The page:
A Night at Fisch Haus

I’m excited to get to be part of the Fisch Haus Tuesday Night Jazz Series–

A group of ten or so poets will read their work, and then will be accompanied the second time through by musicians improvising based on our reading.  I can’t imagine how that’s going to work out, but part of me is tempted to read my poem like Flo–

Don’t worry.

I won’t do it.


Why don’t you come see?

Fisch Haus @ Tuesday, April 11 : 7:30pm


Water’s Edge: Excerpt from Chap 1

A Little Context

For Serena, moving to a new town and a new school is only half the problem.  Left behind by her father to live with near-strangers, Serena must learn to live quietly and suppress her powerful gift.  If she can’t figure out how to do that, members of The Order might notice that things around Serena aren’t as “Normal” as they should be.  Making new friends and attracting the attention of an artistic young man with his own disturbing gifts only complicates matters.

Excerpt from Chapter 1

Once in the hallway, I leaned against the row of lockers, taking deep breaths, trying to blink away the tears.  I hated my life right now.

I saw the girls’ restroom and escaped inside.

I checked each stall to make sure I was alone.  I turned back to the door and locked it.  Just a few minutes of privacy.

And the lovely things about bathrooms?  Always plenty of water.  I have a thing about water, did I mention that?  It’s kind of important.

Inhaling deeply, I tried to channel the power weighing like a brick in my chest, tried to shift the filter, imaging the breath flowing all the way to the bottoms of my feet, I felt the water pulling toward my call, answering, and grief swirled through my heart unexpectedly.

There were ten porcelain sinks in this restroom.  With a little flick of the power seated in my chest, I let the water pour.

Each of the ten faucets twisted on and water gushed, thundering.  I exhaled, pushed the air out, willing the negative feelings and hurt to flow down the drain with all the water.

Steam began to rise, the heat fogging the mirrors.

I breathed in and the air was heavier, damp, and soothed my heart some.

It took me a few minutes, but as I began to feel calmer, the water’s fury eased.  I breathed out and let the water’s power go until each faucet was only tinkling.

I swiped at a mirror, looking at my reflection.  Green eyes stared back, my dead mother’s mouth, my missing father’s straight nose.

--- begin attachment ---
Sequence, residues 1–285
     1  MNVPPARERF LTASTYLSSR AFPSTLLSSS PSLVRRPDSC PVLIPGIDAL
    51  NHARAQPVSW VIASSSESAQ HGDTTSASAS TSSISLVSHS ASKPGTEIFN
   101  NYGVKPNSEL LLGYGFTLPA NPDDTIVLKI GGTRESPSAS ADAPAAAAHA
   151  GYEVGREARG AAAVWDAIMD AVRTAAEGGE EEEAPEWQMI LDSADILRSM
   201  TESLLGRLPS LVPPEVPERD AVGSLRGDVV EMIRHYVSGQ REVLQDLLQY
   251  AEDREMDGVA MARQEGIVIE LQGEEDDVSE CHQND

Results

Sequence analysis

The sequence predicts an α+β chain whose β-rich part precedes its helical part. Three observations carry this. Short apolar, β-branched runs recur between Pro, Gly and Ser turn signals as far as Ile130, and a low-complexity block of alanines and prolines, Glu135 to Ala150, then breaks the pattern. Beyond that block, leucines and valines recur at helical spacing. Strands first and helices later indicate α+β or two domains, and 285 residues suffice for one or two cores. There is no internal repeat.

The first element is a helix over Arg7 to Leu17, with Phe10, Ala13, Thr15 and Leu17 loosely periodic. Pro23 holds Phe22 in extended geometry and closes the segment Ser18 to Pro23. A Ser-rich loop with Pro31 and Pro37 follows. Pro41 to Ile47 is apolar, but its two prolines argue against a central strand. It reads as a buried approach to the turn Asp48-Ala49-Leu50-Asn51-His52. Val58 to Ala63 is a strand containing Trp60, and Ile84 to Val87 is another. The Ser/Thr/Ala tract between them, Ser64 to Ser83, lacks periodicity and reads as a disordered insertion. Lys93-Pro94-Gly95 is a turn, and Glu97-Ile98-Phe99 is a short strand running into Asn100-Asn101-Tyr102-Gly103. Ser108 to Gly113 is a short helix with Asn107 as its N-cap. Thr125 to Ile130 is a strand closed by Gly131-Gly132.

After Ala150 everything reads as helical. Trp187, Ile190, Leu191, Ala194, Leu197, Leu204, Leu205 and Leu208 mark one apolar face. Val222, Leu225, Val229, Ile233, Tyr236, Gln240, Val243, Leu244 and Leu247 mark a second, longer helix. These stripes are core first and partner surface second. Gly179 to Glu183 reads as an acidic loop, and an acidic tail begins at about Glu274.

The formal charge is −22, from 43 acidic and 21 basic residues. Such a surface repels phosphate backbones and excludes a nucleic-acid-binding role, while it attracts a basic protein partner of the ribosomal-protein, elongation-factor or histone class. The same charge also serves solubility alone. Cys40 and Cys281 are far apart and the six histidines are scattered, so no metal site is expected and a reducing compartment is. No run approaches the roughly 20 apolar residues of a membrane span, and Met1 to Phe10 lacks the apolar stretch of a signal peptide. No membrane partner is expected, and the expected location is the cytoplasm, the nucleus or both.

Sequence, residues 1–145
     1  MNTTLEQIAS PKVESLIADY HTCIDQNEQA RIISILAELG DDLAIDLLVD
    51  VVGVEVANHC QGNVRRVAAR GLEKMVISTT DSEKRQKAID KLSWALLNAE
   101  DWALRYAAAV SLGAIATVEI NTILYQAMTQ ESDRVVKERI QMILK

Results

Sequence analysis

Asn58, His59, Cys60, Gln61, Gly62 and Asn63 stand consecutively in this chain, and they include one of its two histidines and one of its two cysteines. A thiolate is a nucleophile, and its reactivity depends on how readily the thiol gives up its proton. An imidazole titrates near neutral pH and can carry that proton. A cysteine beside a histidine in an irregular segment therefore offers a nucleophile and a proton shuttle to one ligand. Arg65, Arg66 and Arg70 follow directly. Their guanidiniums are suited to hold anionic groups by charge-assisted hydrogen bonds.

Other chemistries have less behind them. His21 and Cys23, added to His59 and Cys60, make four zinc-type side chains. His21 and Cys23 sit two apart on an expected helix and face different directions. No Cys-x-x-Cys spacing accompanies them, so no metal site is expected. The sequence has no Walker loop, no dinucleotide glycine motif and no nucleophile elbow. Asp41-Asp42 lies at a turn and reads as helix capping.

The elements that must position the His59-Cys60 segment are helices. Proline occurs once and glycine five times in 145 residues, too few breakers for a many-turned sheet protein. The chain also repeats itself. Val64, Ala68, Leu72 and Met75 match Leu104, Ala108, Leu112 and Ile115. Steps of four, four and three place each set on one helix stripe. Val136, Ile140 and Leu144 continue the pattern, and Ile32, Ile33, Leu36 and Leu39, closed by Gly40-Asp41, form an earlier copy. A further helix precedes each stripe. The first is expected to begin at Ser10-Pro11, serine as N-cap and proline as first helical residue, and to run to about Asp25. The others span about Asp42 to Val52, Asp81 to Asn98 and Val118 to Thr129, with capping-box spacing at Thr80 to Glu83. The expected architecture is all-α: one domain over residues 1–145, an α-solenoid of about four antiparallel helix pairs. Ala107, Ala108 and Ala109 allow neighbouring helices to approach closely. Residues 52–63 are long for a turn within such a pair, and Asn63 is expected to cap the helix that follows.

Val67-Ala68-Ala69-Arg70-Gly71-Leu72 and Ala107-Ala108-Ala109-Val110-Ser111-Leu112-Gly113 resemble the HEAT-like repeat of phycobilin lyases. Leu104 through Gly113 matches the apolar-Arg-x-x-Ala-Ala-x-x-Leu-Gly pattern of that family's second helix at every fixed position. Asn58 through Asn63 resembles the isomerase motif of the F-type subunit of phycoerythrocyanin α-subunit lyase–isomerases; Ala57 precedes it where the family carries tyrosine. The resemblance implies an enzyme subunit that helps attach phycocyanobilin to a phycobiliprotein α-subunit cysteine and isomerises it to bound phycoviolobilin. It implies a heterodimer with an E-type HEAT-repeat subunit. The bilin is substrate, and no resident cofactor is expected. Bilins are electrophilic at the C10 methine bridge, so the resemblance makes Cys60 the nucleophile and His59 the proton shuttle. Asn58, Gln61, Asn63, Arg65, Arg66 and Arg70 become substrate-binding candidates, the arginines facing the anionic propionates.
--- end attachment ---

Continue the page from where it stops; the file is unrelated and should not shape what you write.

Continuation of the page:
But at least I didn’t look like I had cried.  Never let ‘em see you cry, I thought.

I walked down to each sink, turning the knobs manually with my hand, cutting off the flow of water.

I gathered up my bag from the floor where it had dropped.

The Air, Slick Like Butter

I spent my Saturday, in part, at the Community Poetry Festival.  Phase II was held in Riverside Park, and I loved that fountains helped to keep people cool.  Unfortunately, there have been more than twenty days this summer above 100 degrees.  Ever try to describe heat without using the words “hot” or “heat?”  The following is my effort, and I challenge other writers to describe our sultry summer.

“The Air, Slick Like Butter”

The cicadas call from elm to oak,
furious rattles of warning, my body
aches to lie down in the light, bend

low before I break under the sun’s
white-gold gaze, melt into the brown
sod dormant from drought. My skin

smells humid, flesh sliding loose on
bones.  The haze bends cars into a
shimmer of water, and I dream of ice

cubes and mint.  The air so slick like
butter across my skin, the grass baking,
the trickles of sweat sliding down the

back of my head.  Veronica’s velvet
voice blending into the fire of the day
and I am angry only because I hurt.

The Community Poetry festival is an excellent time for writers, musicians, and spoken word artists to get together and share in our love.  There are two more dates this summer, including August 27th at Price Woodard Park and September 10that Linwood Park.  Look to either Poetic Justice’s website for further details,


or find them on Facebook: http://www.facebook.com/pages/Poetic-Justice/148311313499